• It could be harmful to your health. Contacting and removing mold without protective measures could cause allergic reactions or illness in certain individuals, particularly those with specific fungus sensitivities. Leaving the job to properly equipped professionals is a safer approach. 

When Mold is Hiding in Your A/C Ducts…

Tuesday, June 11th, 2019

Under certain conditions, your HVAC ductwork may be the perfect habitat for mold. Active mold growth thriving inside ducts can serve as a focal point of contamination as the system airflow disperses toxic spores throughout the house. This may trigger allergic symptoms as well as chronic illness in persons with a sensitivity to these pathogens.

How does this happen?

Ductwork is dark and dusty. Mold avoids sunlight and household dust usually contains the sort of microscopic food that mold feeds on. In this fungus-friendly environment, the only missing ingredient is moisture. Ductwork conveying cooled or heated air ought to be dry. In some cases, however, moisture can form:

  • If the air conditioner evaporator coil that extracts water vapor from the airflow isn’t performing up to specs, condensation may form on surfaces inside ductwork.
  • If ductwork is leaky, it may pull in humid outdoor air from the attic, crawl space or other unconditioned zone. Ducts become dank and mold growth may be activated.

How Will I Know?

If you suspect ductwork mold contamination—unexplained musty odors when the HVAC system is running are just one giveaway—an inspection should be performed. Most segments of the system are inaccessible to the average homeowner. A mold-remediation professional with specialized equipment is required to check all spans of ductwork.

Not everything that looks like mold is mold. If suspicious growth is discovered, it must be lab-tested to confirm active mold growth and to determine the type of mold.

What’s The Next Step?

  • A thorough duct cleaning procedure is required to remove active mold. This includes physical removal of growing mold as well as vacuuming the entire span to remove accumulated spore residue.
  • Affected duct surfaces must be sterilized with EPA-approved fungicides, as well as the system components like the evaporator coil and the condensate drain pan in the indoor air handler. A new air filter is also installed.
  • Conditions that promote mold contamination inside ducts must be addressed. Evaporator coil issues that allow excess humidity into the airflow, as well as leaks that pulled humid, unconditioned air into ductwork should be resolved to prevent a recurrence.

How to Stop Mold Growth in its Tracks

Thursday, April 18th, 2019

Mold growth inside a home is a dynamic process that requires very specific conditions to thrive. Dormant mold spores exist everywhere in nature, including inside your house. However, if the spores are deprived of mold-friendly conditions, mold growth will not activate and gain a foothold. Taking early measures to inhibit active mold growth may prevent contamination from reaching an advanced state.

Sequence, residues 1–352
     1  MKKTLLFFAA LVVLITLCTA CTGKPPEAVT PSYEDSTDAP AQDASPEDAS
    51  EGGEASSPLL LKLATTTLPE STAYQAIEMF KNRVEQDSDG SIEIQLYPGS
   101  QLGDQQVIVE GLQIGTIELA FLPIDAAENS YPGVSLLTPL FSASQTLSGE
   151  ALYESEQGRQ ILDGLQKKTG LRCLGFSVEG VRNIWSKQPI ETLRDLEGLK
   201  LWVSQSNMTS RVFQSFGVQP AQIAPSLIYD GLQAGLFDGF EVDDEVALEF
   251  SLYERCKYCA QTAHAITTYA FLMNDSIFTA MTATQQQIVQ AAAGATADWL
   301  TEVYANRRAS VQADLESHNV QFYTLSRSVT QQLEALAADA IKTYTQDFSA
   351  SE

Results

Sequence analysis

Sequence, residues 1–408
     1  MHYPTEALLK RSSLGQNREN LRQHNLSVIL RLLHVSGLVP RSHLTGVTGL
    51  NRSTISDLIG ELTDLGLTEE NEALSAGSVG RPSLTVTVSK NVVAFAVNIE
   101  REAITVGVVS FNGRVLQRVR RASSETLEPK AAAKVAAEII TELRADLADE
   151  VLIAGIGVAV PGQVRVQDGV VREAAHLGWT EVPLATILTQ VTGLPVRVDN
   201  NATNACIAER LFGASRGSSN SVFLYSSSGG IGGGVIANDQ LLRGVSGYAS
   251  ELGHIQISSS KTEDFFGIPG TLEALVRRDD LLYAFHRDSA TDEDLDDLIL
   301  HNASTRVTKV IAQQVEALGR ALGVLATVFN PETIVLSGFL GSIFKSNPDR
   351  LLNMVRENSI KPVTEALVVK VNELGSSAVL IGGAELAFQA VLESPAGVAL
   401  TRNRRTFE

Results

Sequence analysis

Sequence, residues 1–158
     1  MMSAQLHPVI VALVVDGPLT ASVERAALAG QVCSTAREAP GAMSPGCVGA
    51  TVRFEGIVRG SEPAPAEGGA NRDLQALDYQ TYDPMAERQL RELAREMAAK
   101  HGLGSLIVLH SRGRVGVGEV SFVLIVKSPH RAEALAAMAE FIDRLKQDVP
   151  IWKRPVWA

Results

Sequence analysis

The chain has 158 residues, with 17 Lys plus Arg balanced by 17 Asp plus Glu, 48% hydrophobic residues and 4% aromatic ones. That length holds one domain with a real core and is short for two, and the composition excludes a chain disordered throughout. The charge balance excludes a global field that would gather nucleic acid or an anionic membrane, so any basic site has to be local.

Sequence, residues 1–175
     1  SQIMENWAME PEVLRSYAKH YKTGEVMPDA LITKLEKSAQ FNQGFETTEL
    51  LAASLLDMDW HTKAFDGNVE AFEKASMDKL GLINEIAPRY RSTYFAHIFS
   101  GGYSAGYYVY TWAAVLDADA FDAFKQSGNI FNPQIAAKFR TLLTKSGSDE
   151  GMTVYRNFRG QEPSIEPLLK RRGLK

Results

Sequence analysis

Eliminate Moisture Sources

  • Repair any plumbing leaks and roof leaks and stop any infiltration of water through structural cracks such as the basement walls or foundation.
  • Dry out a wet crawl space, including installing a vapor barrier to prevent moisture rising up through the soil.
  • If incidental leakage or water spillage occurs anywhere in the house, dry out the area quickly and completely—mold growth can be triggered in only 48 hours after exposure to water.
  • Use mold-killing products to clean bathroom surfaces that are wet repeatedly.  
  • Make sure the central air conditioner drip pan in the air handler drains properly and does not retain water.

Lower Humidity

Water vapor in the air can trigger dormant mold spores into active growth mode. The Environmental Protection Agency recommends keeping indoor relative humidity between 30% to 50% to inhibit mold growth.

  • A basic moisture meter that displays humidity is an inexpensive investment and helps you keep indoor humidity levels in the mold-free zone.
  • Run exhaust fans in the kitchen and bathrooms to vent humid air.
  • Make sure the clothes dryer is properly vented and the vent pipe is cleaned regularly.
  • In humid climates where indoor levels are difficult to control, consider installing a whole-house dehumidifier in your HVAC system.

Remove Contaminated Items

Signs of incipient mold contamination may be discovered in absorbent materials including building materials like ceiling tiles, as well as fabrics such as carpeting and carpet pads. These points of origin can become sources of spreading mold. Often, the simplest, most straightforward option is to immediately remove them from the house and dispose of them. Porous materials are extremely difficult to decontaminate even with fungicides. Eliminating contaminated items from the home environment permanently is the best mold-preventive course of action.

With Water Damage, What You See Is NOT What You Get

Thursday, March 14th, 2019

The visual effect of water damage inside your home can be shocking and discouraging enough: large pools of water where it doesn’t belong, saturated carpets, soaked furniture. But its real impact is often the consequence of what you can’t see. Water damage usually isn’t an isolated incident you can point one finger at. It’s an ongoing sequence of events that continues unabated until professional intervention with proven techniques interrupts the process.

Here are some results of water damage you may not see at first glance but may have to deal with eventually:

  • Extreme humidity. Water inundation causes humidity to soar within the enclosed confines of a house. Water vapor migrates invisibly into areas of the home apparently untouched by the water itself. The effect of extreme humidity can damage absorbent building materials as well as many valuable possessions such as photographs, books and sensitive electronics.